) and abdominal adiposity (waist circumference: >102 cm for men, >88 cm for women), which are key risk factors for CVD, diabetes and some cancers. 2.2.2. Swedish dietary guidelines The Swedish national dietary guidelines are based on the 2012 NNR, with consideration of Swedish food culture and the ability of local consumers to adhere to recommendations (62). The guidelines promote three key messages: (i) eat more berries, fish, fruit, nuts, seeds, shellfish and vegetables; (ii) switch to whole grains, healthy (...) ischaemic heart disease) (62). The study found that adherence to the high-quality diet may reduce the risk of CVD events (by 32% in men and 27% in women).WHAT NATIONAL AND SUBNATIONAL INTERVENTIONS AND POLICIES BASED ON MEDITERRANEAN AND NORDIC DIETS ARE RECOMMENDED OR IMPLEMENTED IN THE WHO EUROPEAN REGION, AND IS THERE EVIDENCE OF EFFECTIVENESS IN REDUCING NONCOMMUNICABLE DISEASES? HEALTH EVIDENCE NETWORK SYNTHESIS REPORT 26 Study Method Findings Cross-sectional study; 6717 aged 35–69 years (77% women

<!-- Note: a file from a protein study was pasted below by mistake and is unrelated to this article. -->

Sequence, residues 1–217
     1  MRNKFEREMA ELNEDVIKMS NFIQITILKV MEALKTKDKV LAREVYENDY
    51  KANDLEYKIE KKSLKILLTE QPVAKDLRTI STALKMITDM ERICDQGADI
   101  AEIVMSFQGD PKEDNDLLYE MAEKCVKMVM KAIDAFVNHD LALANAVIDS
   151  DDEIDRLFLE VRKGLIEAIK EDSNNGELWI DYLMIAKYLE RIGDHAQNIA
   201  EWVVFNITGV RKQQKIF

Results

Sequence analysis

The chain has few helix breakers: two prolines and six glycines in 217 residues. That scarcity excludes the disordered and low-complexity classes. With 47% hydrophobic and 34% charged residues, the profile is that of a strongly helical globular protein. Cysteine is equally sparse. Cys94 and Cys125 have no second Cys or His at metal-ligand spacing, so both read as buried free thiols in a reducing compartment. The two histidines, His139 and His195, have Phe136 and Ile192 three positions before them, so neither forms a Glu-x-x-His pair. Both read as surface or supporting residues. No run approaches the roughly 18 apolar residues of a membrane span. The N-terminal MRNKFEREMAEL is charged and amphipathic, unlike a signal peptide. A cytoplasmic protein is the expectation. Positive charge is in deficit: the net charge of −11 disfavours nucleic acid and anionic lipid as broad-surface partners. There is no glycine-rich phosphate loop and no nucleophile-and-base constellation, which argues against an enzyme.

2018 WHO Health Evidence Network

146. Treatment for Bipolar Disorder in Adults: A Systematic Review

on harms was limited across all studies. Future research examining BD treatments will require innovative ways to increase study completion rates. xi Contents Evidence Summary 1 Chapter 1. Introduction 1 Background 1 Treatment Strategies 2 Scope and Key Questions 4 Key Questions 5 PICOTS 6 Analytic Framework 9 Report Organization 9 Chapter 2. Methods 10 Topic Refinement and Review Protocol 10 Literature Search Strategy 10 Risk of Bias Assessment of Individual Studies 11 Data Extraction 12 Data Synthesis (...) 106 Table 47. Population and inclusion criteria for studies examining a somatic therapy 109 Table 48. Summary of low-strength* evidence findings by intervention class 111 Table 49. Interventions/comparators with insufficient strength of evidence for all outcomes (unless otherwise noted) 114 Figures Figure 1. Analytic framework for treatment for bipolar disorder 9 Figure 2. Literature flow diagram 16 Appendixes Appendix A. Search Strategies Appendix B. Risk of Bias Assessment Tool Appendix C

2018 Effective Health Care Program (AHRQ)

147. Adults With Congenital Heart Disease